Kenneth Wayne Johnson
June 18, 1936 - July 30, 2022
Kenneth Wayne Johnson died Saturday, July 30, 2022. Wayne was larger than life in the best possible way. His early life was similar to that of so many rural kids in post-depression Missouri. Yet Wayne became a truly great person, superman in overalls (he hid the cape somewhere and we are still searching for it). He was civic-minded, helping to work the chewing gum stand at the Miller Fall Festival or to man the dunking booth, where his shouts of “rag-arm!” at wayward pitches still echo from the bricks of the Lions Club bingo hall. He was a volunteer fireman who risked himself to help others, once charging into a burning house, only to have the floor collapse beneath him. He emerged, his cape singed, but intact.
Wayne loved the lake, and spending time with his large family camping, skiing, and sitting near the fire. Every morning he roused the camp with an ear-splitting shout: “WHOOOOOO WAKE UP WORLD!” Many a hungover camper found their sleep disturbed when he sounded his barbaric yawp over the rooftops of the world. We’re pretty sure Wayne took a perverse glee in awakening the camp at the crack of dawn.
Wayne had three careers. The first was as an installer for Western Electric Company. His work ethic was legendary. His second was as a school bus driver, where his quick thinking minimized the impact from a speeding semi. There were no major injuries, even though school bus seats were strewn across the highway. His third career was racing. He crewed for his brother Charley from 1963-1970 and raced with his nephews, Rayme and Robbie, along with Charley, from 1990-1997. In 1998, he became a crewman for Brett Bodine in the NASCAR Cup Series. He would go on to work for Dale Earnhardt Incorporated, Michael Waltrip Racing, Roush Racing, and Joe Gibbs Racing. With Gibbs he was part of a Cup Championship winning team. When he wasn’t working as a crewman, he was a motorcoach driver for Carl Edwards. He was loved and respected throughout the garage.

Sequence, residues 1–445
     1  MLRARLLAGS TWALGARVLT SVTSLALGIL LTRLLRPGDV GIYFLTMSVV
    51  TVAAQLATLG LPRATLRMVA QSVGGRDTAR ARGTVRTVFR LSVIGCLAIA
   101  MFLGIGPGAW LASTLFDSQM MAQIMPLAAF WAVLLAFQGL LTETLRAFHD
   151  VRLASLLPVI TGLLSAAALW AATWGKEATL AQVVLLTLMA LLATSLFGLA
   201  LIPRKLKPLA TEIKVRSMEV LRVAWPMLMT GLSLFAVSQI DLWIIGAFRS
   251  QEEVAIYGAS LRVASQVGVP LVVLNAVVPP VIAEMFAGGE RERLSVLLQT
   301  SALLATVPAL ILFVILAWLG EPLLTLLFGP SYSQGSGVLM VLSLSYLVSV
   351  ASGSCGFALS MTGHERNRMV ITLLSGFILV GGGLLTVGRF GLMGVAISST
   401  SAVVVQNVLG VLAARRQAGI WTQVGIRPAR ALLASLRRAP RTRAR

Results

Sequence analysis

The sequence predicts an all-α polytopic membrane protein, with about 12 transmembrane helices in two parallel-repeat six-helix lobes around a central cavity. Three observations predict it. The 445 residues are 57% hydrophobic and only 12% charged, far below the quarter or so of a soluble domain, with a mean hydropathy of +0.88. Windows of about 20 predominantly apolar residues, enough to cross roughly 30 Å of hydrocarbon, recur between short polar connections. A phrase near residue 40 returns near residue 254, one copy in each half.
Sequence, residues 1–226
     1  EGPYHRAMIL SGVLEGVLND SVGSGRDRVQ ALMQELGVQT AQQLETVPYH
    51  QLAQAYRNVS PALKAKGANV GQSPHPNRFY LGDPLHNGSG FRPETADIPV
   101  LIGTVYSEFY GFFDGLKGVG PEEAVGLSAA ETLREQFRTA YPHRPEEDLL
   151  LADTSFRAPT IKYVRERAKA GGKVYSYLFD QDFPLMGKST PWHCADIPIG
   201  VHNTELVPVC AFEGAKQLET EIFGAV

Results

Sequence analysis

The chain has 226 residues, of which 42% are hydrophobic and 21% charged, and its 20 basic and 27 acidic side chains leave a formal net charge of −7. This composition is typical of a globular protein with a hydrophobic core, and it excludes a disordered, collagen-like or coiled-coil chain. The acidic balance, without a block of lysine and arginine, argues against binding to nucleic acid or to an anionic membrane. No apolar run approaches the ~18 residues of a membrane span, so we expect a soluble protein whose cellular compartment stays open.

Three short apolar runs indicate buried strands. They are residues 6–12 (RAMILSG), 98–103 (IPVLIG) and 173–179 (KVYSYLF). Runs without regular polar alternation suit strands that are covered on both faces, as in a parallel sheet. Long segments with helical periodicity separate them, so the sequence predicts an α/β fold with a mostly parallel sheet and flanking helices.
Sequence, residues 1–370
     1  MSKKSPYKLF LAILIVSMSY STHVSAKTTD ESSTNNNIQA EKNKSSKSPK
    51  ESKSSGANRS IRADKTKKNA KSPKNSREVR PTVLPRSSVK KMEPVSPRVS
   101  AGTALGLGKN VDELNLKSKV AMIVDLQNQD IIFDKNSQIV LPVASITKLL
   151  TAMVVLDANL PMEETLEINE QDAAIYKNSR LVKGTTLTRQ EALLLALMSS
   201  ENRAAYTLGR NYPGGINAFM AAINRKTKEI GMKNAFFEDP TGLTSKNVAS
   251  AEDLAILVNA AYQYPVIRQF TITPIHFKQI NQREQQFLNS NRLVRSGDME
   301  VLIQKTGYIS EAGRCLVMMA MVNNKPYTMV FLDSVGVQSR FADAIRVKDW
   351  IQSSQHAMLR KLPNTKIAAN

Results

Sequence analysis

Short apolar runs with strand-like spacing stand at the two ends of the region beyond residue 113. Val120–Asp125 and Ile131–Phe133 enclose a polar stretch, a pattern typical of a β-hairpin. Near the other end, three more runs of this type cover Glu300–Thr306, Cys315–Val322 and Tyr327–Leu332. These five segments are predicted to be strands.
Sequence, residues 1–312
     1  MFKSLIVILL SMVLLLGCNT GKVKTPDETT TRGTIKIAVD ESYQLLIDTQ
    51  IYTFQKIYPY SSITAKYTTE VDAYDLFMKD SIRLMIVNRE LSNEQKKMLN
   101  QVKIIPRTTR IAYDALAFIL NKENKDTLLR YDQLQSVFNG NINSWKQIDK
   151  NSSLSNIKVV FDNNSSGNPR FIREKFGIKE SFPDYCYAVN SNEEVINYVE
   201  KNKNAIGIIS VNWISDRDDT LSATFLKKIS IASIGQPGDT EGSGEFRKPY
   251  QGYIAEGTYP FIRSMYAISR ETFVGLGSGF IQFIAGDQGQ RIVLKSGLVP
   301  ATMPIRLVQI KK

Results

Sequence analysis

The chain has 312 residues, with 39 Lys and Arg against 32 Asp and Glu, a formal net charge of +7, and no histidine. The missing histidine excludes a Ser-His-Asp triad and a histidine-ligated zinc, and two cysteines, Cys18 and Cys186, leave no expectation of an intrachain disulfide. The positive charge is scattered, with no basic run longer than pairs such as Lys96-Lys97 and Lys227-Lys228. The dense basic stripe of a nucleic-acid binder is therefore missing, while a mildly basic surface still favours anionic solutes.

Wayne Johnson stories are legendary. He handled a chainsaw as if it were a sword. He drove a flaming truck down Main Street. He raced stock cars, winning a feature race well after he turned 60. He and his brothers drove down I-44 before it was complete and found out that it was closed for a reason. Whether it was getting airborne in a 1955 Chevrolet, skiing up onto the sandy beach, saving a starter with his toe, or riding down the interstate on the fender of an old truck, the legend of Wayne attained a near mythical status. It is true, every word.
Most of all, Wayne Johnson was a person who showed compassion and empathy to the world. He believed that you helped others because it was the right thing to do. Whether it was to care for a stranger, help a neighbor, or take in kids who needed a place to stay and an adult who would care for and about them, Wayne and his wife, Rosemary, lavished their kindness upon the world.
Wayne is survived by his partner in kindness, occasional verbal sparring partner, and wife, Rosemary Johnson, three biological children, Aaron and his wife Maureen of Pine, Colorado, Amy Taylor and her husband Justin, and Joe Johnson and his wife Beth of Miller, 8 grandchildren, numerous foster children, hundreds of people who were fortunate enough to call him friend, and thousands whose lives were impacted by his generosity and good will.
Mark Twain said, “Let us endeavor to live so that when we come to die, even the undertaker will be sorry.” Today, the undertaker is in tears.
No services are planned at this time. Arrangements are under the direction of the Morris-Leiman-Mosher Funeral Home in Miller, Missouri.
In keeping with Wayne’s generous and kind spirit, we ask that in lieu of flowers you make a memorial donation for the Geology Field Education Fund at Northwest Missouri State University, with checks payable to the Northwest Foundation, Inc. 800 University Drive, Maryville, MO 64468. Please indicate ‘In memory of Kenneth W. “Wayne” Johnson’ in the memo line.
p.s. We are still looking for his cape. If you have any idea where he might have stashed it, please let us know.
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